To meet this expectation, however, the rail industry supported by politicians will need to move quickly on many fronts in order to provide vastly increased capacity, greater efficiency and reliability, as well as accessibility.

Driverless trains: Are you near a track?

Many countries have invested heavily in autonomous trains to achieve this end. They are likely to be a common sight by 2020.

Automated operation has been in existence for decades. London Underground's Victoria Line, which opened in 1967, has been operated partially in this manner. However it is usually limited to lines that are self-contained and have identical trains running at a set time.

China has been a leader in driverless railways over the past few years. They have introduced the first high-speed autonomous trains that can travel at up to 186mph (30 km/h) between Beijing, and the 2022 Winter Olympics venues.

Japan has also been testing "bullet trains", which can drive themselves between terminals and depots for servicing. This will allow human drivers to focus on running more revenue-earning trains.

But running driverless trains on self contained lines is only one thing. It is much harder to make them work safely on traditional mixed use railways where freight and passenger trains have very different characteristics, speeds, and weights.

Big Data and the Internet of Things will enable transport modes to communicate with one another and the wider environment. This will open the door for intermodal, more seamless journeys. Intelligent robots will play an increasing role in inspections of infrastructure, such as bridges and tunnels, and in the maintenance and repair of older structures.

Replacing diesel engines, decreasing footprints

Rail has much to do to reduce its carbon emissions and pollution caused by diesel engines, despite its green credentials compared to aviation. Many countries have pledged to eliminate diesel trains by 2050, or earlier, in line with United Nations climate change goals.

Most of Europe and Asia's busiest lines have been electrified by now, but it is not perfect. The situation is patchy in many countries, with less than half of the UK operating electric, and nearly 100% in Switzerland.

North America's dominant freight railroads are powered by diesel, and there is little interest in electrification like that seen in Europe or Asia.

The future of battery technology is set to make a significant impact on eliminating diesels, both in heavy freight haulage and for passenger routes that are not eligible for full electrification. Many battery-powered prototypes and designs are being developed or tested at the moment. As technology improves, rail's dependence on diesel should begin to decline before the end.

Hydrogen is the biggest hope for decarbonizing railways. The production of green hydrogen in plants that use renewable electricity can be used to power electric motors with fuel cells.

Alstom, a French train builder, is leading the charge with its Coradia iLint hydrogen electric train. It carried its first passengers in 2018 and opened the door to production versions for other European countries.

Natural elements can also cause disruption to railways around the globe.

Railways located in coastal and low-lying areas are at high risk of rising sea levels and other extreme weather events, which could result in the destruction of existing infrastructure.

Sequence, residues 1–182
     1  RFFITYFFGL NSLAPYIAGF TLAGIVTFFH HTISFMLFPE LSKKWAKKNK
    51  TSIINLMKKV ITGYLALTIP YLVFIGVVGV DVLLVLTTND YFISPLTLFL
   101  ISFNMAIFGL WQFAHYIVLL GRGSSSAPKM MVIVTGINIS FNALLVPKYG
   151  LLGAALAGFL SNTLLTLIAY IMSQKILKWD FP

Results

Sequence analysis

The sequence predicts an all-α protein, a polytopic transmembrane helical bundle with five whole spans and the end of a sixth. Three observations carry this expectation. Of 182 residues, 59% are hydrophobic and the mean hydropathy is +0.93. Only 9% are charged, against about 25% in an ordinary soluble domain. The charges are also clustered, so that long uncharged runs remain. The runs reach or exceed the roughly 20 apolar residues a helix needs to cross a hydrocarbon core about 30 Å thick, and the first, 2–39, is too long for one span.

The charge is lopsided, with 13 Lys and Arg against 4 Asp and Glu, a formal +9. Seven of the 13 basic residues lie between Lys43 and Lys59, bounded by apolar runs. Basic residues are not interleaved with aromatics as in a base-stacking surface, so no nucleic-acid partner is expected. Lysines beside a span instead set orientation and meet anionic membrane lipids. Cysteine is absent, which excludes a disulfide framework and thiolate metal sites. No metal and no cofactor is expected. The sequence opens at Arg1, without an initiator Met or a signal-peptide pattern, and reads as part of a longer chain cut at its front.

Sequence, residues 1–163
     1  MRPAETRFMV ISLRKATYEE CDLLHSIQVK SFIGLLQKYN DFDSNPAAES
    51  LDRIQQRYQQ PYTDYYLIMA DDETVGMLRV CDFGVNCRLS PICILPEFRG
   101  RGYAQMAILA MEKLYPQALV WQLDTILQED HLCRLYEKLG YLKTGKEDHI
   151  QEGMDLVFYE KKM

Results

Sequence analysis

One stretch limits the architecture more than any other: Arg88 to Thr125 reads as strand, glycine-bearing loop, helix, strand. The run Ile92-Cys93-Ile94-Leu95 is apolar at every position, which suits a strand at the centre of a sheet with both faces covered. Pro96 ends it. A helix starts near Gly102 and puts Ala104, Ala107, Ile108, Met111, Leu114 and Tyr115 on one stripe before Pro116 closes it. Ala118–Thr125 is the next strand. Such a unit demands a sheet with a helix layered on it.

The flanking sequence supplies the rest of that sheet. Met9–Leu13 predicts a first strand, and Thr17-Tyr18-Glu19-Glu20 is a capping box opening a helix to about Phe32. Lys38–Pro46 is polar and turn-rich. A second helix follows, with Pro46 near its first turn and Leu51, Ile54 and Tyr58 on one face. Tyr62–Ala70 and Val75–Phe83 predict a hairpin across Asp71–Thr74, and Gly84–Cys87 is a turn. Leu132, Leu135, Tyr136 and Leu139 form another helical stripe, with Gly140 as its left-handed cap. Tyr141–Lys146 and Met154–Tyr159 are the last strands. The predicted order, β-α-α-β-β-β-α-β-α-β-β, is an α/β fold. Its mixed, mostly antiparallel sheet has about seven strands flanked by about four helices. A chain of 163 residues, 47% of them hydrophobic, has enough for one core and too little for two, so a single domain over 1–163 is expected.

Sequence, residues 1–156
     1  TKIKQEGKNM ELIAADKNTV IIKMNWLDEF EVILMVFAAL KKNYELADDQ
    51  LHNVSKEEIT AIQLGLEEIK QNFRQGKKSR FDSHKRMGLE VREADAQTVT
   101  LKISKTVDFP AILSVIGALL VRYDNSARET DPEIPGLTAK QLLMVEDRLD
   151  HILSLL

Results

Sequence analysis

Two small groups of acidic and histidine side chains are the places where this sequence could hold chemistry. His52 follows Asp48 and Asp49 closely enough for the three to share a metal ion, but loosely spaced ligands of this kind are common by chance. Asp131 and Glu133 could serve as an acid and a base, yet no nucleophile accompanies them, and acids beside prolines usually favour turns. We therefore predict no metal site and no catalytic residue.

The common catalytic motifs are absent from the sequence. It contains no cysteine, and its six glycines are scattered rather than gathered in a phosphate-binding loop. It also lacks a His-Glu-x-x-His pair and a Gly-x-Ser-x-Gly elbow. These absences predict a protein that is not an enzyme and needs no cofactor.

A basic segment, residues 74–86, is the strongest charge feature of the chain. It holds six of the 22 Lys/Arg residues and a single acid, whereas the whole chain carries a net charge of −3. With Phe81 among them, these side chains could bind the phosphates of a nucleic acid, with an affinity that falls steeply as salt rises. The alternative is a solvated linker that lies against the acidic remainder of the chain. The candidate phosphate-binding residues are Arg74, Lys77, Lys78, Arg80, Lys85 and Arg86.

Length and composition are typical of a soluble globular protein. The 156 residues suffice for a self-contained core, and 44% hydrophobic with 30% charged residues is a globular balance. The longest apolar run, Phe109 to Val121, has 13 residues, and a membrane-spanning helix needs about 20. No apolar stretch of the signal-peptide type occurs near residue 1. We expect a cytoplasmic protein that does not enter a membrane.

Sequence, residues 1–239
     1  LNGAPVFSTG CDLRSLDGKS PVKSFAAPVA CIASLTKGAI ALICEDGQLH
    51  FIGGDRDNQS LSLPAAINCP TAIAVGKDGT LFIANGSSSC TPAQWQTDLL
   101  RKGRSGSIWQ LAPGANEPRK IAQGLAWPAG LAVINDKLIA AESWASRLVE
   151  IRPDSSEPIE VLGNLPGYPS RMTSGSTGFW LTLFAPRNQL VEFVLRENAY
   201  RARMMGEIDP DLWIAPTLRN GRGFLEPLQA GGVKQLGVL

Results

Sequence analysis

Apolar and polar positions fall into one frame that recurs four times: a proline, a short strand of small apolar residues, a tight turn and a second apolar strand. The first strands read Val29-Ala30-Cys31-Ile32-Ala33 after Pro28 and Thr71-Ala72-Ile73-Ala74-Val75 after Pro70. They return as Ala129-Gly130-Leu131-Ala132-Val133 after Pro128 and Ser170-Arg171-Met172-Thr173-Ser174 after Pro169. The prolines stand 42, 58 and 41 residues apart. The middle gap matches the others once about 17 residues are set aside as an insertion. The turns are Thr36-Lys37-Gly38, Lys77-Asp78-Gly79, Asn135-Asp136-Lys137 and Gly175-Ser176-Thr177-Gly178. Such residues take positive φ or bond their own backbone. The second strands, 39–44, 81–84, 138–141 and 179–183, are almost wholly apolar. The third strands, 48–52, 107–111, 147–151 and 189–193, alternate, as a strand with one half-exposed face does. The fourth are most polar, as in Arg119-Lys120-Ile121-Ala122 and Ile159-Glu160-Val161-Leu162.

Further inland, stronger winds, stronger rain pulses, and extremes in temperature can cause flash floods, equipment failures, and landslips that disrupt travel and cost millions to repair each year.

Rebuilt and new railways are being built with the changing climate in mind. They have improved drainage, environmental protection, and restoration of natural landscapes. This makes them safer and more reliable.

In Europe, there has been a revival in overnight rail travel due to increased awareness about the environmental impact of air travel.

The movement is gaining momentum, with many new routes being planned for 2022/23 as well as new private operators aiming to enter the market.

Looking forward to the future

There is a growing awareness that the railroad industry must think differently if it wants to invest billions in new tracks, trains and technology to improve service.

Despite the best efforts of operators, the overall experience remains inconsistent.

Digital technology will play an increasing role in this area, from booking tickets to finding seats and planning your entire trip from one door to the next.

"Climate-positive travel is the future," states Naren Shaam (CEO and founder of Omio, a Berlin-based travel company.

"Consumers will travel more than ever - we have seen a 150% increase of bookings since Jan 2022 - and we need digital services to empower them so they can travel further and cross border by train.

"In fact, the pandemic has accelerated this trend and we have seen a steady shift from train ticket booking at kiosks, to mobile bookings."

Online platforms like Omio or Rome2Rio, which allow travelers to enter their starting and ending locations, will help them find the most cost-effective and sustainable route to their destination. The platforms can also combine transport providers and modes where necessary. They will be able to purchase a single ticket for the entire trip with just one click.

Shaam says, "We won’t even be capable of imagining what travel looks like 30 years from now; for example, apps and tickets will no longer be necessary. Instead, digital mechanisms will automatically understand and charge you per journey -- the ultimate seamless experience!"

Although predictions should be made with caution, we can be certain that the urge to travel will not be diminished by recent turmoil around the globe and the urgent need to address climate change.

Passenger and freight rail will be the backbone of our transport network by 2050. Inter-city routes linking multimodal hubs will feed into local networks.

Rail will play an important role in international travel if it receives the technical and political support needed. It will be a superior alternative to short-haul and road travel and offer high-quality rail travel.

Investments around the globe will continue to be largely based on conventional steel-onsteel railways for the foreseeable future. This will be the future of rail travel for decades to come, just as it has been for nearly 200 years.

Ben Jones is a freelance writer and travel writer. He is also a senior correspondent for The Railway Magazine. He is also a regular contributor to many other British railway publications. Follow him @flywheelmedia1.